Since the Republic of Ireland were outclassed by Spain at Euro 2012, comprehensively beaten by four goals, the always contentious Roy Keane has been openly speaking his mind about the Irish attitude.

Keane, as part of ITV's coverage of the tournament, initially said "I think the players, and even the supporters, they all need to change their mentality. It's just nonsense from players speaking after the games about how great the supporters are. The supporters want to see the team doing a lot better and not giving daft goals away like that...I'm not too happy with all that nonsense. Let's change that attitude towards Irish support as well...They want to see the team winning as well, let's not kid ourselves. I know we're a small country and we're up against it, but let's not just go along for the sing-song every now and again."

Since then, he has followed up his initial sentiments in typical Keane fashion by not backing down.

Just like the infamous Saipan incident of a decade ago, when Keane was part of the squad not the coverage team, a nation has become divided once again. It may not be as big an issue as Keane's dismissal from the squad was 10 years ago, but it has brought to light an important debate regarding the Irish team and the setup of the Irish system itself.

It is easy to react to Keane's comments emotionally, but if you take his comments objectively, it cannot be denied that Keane has a point.

You can agree with Keane's sentiment without fully accepting everything that he says. Was Keane overly critical of a fanbase that genuinely was just happy to be there? Maybe so. Was he harsh on the players when he called them out for essentially lacking the passion that permeated through his play? Not so much.

Ireland did enter this tournament as the smallest nation, according to Miguel Delaney, but only slightly behind Croatia. Soccer isn't close to being the number one sport in a country dominated by the GAA also, so tempered expectations are somewhat acceptable.

However, there is a difference between tempered expectations and making up the numbers. The truth is Ireland did go and just make up the numbers at this tournament even after Robbie Keane said that that was exactly the thing they were not doing. They may have a small population, and as Delaney also points out, a poorly set up infrastructure, but Ireland's quality of players in this squad was not far behind, possibly even better than, the Czech Republic and Greek squads who qualified from Group A.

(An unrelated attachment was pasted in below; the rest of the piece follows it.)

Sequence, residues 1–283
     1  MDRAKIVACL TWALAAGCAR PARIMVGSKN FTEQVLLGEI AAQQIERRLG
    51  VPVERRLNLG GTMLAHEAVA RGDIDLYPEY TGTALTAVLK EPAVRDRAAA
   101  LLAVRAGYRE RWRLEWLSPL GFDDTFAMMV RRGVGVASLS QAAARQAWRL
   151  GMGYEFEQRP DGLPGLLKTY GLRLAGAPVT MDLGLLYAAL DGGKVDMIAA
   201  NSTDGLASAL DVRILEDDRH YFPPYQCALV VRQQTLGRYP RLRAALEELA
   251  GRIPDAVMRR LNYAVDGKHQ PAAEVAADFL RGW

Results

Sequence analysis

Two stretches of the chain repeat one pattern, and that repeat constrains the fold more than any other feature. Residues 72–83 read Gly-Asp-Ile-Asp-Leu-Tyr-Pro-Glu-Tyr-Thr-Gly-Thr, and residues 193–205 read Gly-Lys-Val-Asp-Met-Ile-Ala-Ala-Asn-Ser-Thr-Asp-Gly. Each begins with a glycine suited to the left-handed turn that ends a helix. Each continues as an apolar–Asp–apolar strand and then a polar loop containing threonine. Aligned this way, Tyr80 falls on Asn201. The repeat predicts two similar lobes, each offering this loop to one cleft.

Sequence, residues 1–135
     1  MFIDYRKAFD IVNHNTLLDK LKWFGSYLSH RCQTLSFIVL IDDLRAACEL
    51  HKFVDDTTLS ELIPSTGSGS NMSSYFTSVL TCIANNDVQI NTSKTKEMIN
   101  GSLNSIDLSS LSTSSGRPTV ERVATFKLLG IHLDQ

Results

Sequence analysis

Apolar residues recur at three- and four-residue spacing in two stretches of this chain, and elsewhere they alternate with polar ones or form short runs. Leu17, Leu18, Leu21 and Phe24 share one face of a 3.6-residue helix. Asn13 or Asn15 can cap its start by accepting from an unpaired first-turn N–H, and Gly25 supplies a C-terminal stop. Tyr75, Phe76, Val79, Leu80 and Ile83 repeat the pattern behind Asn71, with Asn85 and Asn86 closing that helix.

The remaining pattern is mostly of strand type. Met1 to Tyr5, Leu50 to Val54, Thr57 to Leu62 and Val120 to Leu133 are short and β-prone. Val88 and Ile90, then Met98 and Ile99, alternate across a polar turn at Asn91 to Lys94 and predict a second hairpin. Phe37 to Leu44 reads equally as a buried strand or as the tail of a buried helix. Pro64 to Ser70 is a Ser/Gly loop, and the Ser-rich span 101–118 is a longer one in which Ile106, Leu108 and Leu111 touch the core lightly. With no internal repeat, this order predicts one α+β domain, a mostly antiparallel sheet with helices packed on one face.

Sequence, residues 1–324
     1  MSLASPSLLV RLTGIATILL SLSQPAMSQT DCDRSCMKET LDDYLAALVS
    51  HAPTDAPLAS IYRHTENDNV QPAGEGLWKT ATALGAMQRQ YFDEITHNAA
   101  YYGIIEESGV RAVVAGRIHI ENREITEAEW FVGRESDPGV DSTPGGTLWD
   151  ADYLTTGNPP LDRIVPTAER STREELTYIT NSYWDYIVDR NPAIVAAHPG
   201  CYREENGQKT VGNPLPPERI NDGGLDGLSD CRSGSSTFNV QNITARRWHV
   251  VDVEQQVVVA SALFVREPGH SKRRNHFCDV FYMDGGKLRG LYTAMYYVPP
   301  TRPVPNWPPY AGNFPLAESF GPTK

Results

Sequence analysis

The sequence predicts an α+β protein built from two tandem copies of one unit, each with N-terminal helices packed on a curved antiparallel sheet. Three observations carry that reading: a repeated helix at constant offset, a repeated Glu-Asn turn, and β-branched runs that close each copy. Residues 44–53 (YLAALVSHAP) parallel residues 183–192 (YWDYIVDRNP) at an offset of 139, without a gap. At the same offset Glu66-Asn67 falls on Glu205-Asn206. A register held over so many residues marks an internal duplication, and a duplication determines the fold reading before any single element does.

Of course neither of those teams had to face as quality opposition as Croatia, Spain and Italy, but Poland and Russia, the other two teams in Group A, were no slouches. The Czech team and, in particular, the Greece team relied on a competitive desire and passion to play for their country to reach the knockout phases of the competition.

Ireland's players did not show that same passion when they opened the tournament against Croatia. They may have been outclassed by Spain, but save for a few players most notably Keith Andrews, there was little belief in the side during that game either. This is where Keane's comments are fitting.

As a player, Keane never settled for second.

On the field he was a leading star for Manchester United and the consensus best player for his country. In fact, Keane's dismissal from the World Cup Squad in 2002 was because he felt Ireland were being treated as second class with their training setup.

Keane wasn't a limited player, he had endless talent. Ireland may have some limited players in their squad right now, but accepting that you are limited and settling for that level of play is why those players are limited in the first place.